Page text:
Parents are unmarried, father is not listed on birth certificate. When child is 15 months old, mother loses custody of child and maternal grandparents are granted Kinship Legal Guardianship. DNA testing is done and biological father relinquishes his parental rights. When child is 6 years old, bio father dies. Several months later paternal grandfather and wife who deny knowing child existed make contact and want to visit child. After initial meeting, they want a weekend visit at their New York home. Child visits their home 4 times, then they want child every weekend, but not granted that priviledge so they make daily phone calls, and when their calls are not returned they become hostile and threaten legal action. Do they have a leg to stand on?
Divorce / Separation Lawyer
A grandparent or any sibling of a child residing in this state may apply to the court for an order of visitation. The applicant will have the burden of proving by a preponderance of the evidence that the granting of visitation is in the best interests of the child. The former requirement that parents be divorced, deceased or separated as a condition for an application for visitation by grandparents was eliminated by the 1993 revision of the statute. If the applicant has been a full-time caretaker for the child in the past, that will be prima facie evidence that visitation is in the child's best interest. The claim that the statute is unconstitutional was rejected by the court.
Where grandparents or siblings apply for visitation, the court must consider the following factors:
The relationship between the child and the applicant;
The relationship between each of the child's parents or the person with whom the child is residing and the applicant;
The time that has elapsed since the child last had contact with the applicant;
The effect that such visitation will have on the relationship between the child and the child's parents or the person with whom the child is residing;
If the parents are divorced or separated, the time sharing arrangement that exists between the parents with regard to the child;
The good faith of the applicant in filing the application;
Any history of physical, emotional or sexual abuse or neglect by the applicant; and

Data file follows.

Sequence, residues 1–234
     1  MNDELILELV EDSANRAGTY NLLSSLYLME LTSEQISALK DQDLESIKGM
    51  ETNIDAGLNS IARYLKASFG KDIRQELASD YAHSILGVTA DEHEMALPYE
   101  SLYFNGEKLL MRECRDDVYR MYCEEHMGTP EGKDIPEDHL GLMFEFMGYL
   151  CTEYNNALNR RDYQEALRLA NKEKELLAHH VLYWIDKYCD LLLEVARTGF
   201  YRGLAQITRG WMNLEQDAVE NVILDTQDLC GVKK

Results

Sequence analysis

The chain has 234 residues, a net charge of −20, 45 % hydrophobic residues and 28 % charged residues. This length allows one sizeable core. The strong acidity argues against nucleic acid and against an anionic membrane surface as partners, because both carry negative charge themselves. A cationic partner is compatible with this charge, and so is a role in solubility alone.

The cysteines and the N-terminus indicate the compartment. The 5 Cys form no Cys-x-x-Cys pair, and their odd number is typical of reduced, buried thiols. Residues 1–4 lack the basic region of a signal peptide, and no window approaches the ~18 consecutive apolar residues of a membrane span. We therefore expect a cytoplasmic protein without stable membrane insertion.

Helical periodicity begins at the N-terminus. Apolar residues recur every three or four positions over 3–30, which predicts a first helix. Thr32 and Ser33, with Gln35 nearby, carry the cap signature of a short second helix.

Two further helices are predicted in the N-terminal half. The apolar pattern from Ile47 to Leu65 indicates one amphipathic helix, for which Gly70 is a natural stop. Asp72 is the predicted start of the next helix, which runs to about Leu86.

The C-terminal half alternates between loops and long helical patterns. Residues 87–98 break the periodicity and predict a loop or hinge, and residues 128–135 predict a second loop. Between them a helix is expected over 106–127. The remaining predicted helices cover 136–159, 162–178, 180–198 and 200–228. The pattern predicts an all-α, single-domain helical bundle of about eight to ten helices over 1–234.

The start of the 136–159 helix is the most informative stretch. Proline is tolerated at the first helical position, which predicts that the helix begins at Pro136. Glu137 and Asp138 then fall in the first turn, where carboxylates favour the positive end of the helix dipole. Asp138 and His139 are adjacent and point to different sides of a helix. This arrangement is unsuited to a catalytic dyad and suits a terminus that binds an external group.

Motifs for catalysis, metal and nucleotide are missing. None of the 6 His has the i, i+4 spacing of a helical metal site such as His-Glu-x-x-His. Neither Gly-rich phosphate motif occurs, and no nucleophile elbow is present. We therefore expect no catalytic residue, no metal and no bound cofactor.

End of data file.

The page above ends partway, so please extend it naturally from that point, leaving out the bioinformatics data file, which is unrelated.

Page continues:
Any other factor relevant to the best interests of the child.
The constitutionality of the grandparent visitation statute, when applied to an intact family, was upheld over the claim that it violated the Fourteenth Amendment right of parents to raise their children as they see fit.
Where a child resided with the maternal grandmother and her mother for 12 years until the death of the mother, after which the father assumed custody and remarried, the court granted visitation to the maternal grandmother over the objections of the father and his second wife, who had adopted the child.
Where the paternal grandparents sought visitation independent from that of their son, who was exercising his visitation rights, the grandparents' application was denied because the court found that such independent visitation would be too intrusive and not in the best interests of the child.
In a case in which the noncustodial father was not able to exercise his visitation rights because he lived in California and the paternal grandparents, who lived in New Jersey, sought visitation with their grandchild, the court granted visitation to them as being in the best interests of the child. The court also held that this right was not derivative of the visitation right of the noncustodial parent.
Despite the hostility of the custodial father towards the maternal grandparents, the court granted them limited visitation with the grandchildren, who had a loving relationship with them. In this case the mother was institutionalized for mental illness.
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Aniello D. Cerreto, Esq.